What are the keys to creating a successful practice as a grain merchandiser?

Do merchants have a secret? I have been approached more times than I care to recount with the question, “I know you don’t know, but what do you think the market is going to do?” The question is at least an insinuation that the merchant knows something the inquirer does not. While this would make for a great discussion on grain origination, I would like to take it in another direction. If not an inside scoop on the market’s direction, what is it that merchants have that allows us to keep doing what we do?

The easy answer should be that we are basis traders and not speculators. Still, beyond practice, I have observed four attributes that merchants have that takes them from merely facilitating trades to being a successful merchant. Let’s take a look.

Successful merchants are forward-thinking

Merchants understand the seasonality of grain and the need for a plan. Fortunately for me, I was trained by successful merchants who taught me early how to approach planning for a crop year. Each year in late winter or early spring, we took the time to project the next harvest season. We would look at expected harvest allocation of space, expected grain receipts and expected grain flow. The experience allowed us to look at logistical, financial and spread needs for the coming crop season.

Logistics can be tricky to predict, and no plan will be perfect, but much can be learned from them. Looking at previous seasons to see how much you typically move at harvest, what it takes to get it moved and how to manage space may keep you from making last-minute sales decisions that don’t help the bottom line. You will also serve both your farm and end-user customers better during harvest and beyond.

There is a financial benefit to a plan that often gets overlooked. Having a grain flow plan allows you to project your cash needs. It’s not good having to sell grain because you do not have the cash to carry when the market is asking. If nothing else, having a cash flow plan is an excellent resource for having the conversations you need to have with your lender. Anyone who rode the markets from 2007 to 2014 can attest to the importance of having an informed lender.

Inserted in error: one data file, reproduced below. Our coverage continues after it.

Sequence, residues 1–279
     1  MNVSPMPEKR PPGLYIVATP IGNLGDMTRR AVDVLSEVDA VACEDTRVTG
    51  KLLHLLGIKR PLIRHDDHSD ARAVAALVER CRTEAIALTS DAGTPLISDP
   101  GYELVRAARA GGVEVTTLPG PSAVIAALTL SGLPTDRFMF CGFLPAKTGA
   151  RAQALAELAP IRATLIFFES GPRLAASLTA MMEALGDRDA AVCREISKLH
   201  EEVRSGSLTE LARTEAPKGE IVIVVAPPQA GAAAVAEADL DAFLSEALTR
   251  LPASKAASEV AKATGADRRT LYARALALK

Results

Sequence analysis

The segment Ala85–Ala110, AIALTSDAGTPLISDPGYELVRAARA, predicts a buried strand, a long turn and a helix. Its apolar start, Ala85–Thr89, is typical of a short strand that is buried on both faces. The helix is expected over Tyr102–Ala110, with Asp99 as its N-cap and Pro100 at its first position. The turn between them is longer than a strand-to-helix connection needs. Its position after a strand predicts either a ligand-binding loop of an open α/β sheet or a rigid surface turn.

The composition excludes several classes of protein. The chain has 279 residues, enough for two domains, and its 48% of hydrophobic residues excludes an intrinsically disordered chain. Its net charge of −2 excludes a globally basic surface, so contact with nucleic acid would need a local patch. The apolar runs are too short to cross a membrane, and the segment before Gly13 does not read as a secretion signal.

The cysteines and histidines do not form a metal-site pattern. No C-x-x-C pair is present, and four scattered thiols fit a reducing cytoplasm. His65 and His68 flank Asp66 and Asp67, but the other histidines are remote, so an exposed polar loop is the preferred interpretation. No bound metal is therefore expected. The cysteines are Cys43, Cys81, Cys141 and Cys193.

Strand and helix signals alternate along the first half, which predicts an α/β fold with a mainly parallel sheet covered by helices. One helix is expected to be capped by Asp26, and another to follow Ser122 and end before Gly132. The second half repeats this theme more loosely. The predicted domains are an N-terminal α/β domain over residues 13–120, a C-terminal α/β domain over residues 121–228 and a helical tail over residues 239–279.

The final part of having a plan is having an idea of what your spread needs might be. An idea helps begin the process of proactively locking in a market structure that would allow you to do what is needed to provide grains to your end-user customers. This process is especially beneficial if you are carrying a regular year-round supply.

When you plan, you have a better idea of what to do and when to do it. Knowing where you are today and what is out ahead allows you to capture opportunities that the spot market or trading back-to-back does not give you. This knowledge leads us to the next attribute successful merchants have.

Successful merchants are decision-makers

When a plan gets coupled with relevant information, successful merchants are ready to pull the trigger. One challenge to this equation is identifying what is useful information and what is just noise.

Our industry has no shortage of data to digest. Some are helpful, while some not so much. A useful key to approach this issue is asking oneself if the data gives a perspective or is more speculative. Does it help me buy grain, manage spreads or sell grain?

For example, knowing historical harvest basis values, basis improvement and spread values empower the merchant to make decisions using what we like to refer to with our customers as “basis eyes.” It’s a clarity of value, opportunities and benchmarks that empower them. Successful merchandisers have an informed position and know their target values for taking action.

When exercising a plan and making decisions, merchandisers have another attribute that helps them be successful. They are disciplined to stay in bounds.

Successful merchants stay in bounds

It’s terrible to lie to others and no less egregious to lie to oneself — routines, processes and guidelines aid in keeping a merchant from stepping out of bounds. Regardless of how disciplined one may be, none of us are entirely immune to the infection of confirmation bias. Establishing boundaries or action points can prevent a lot of stress and loss. Discipline keeps them in bounds.

Additionally, they not only have to hold themselves in bounds, but they also need to keep the business in bounds. It’s tempting to cut special deals or give away space to keep a customer happy. But what is the impact on the business? They must protect the value of their space. They are intentional about the contracts they write and the integrity of the agreement. They stick to grain policies like storage rates, discount schedules and position limits. This discipline gives them the best chance to gain a margin and maintain integrity with your customers.

On to one final attribute . . .

Successful merchants are team players

Successful merchants work with those within and outside their organization to do their best work. Internally they work with finance, logistics and operations to make sure grain is received, accounted for, conditioned and delivered profitably. And even the smallest of functions have an external team.

They have growers, buyers, bankers, accountants and brokers they can incorporate into their team. Successful merchants put time and energy into developing and maintaining these team relationships.

Ultimately, the team brings mutual success or failure. Being part of a team is especially important in our rural communities, where successful merchants make successful businesses. These businesses not only provide services but feed families both near and far. And to me, that is too much of a secret.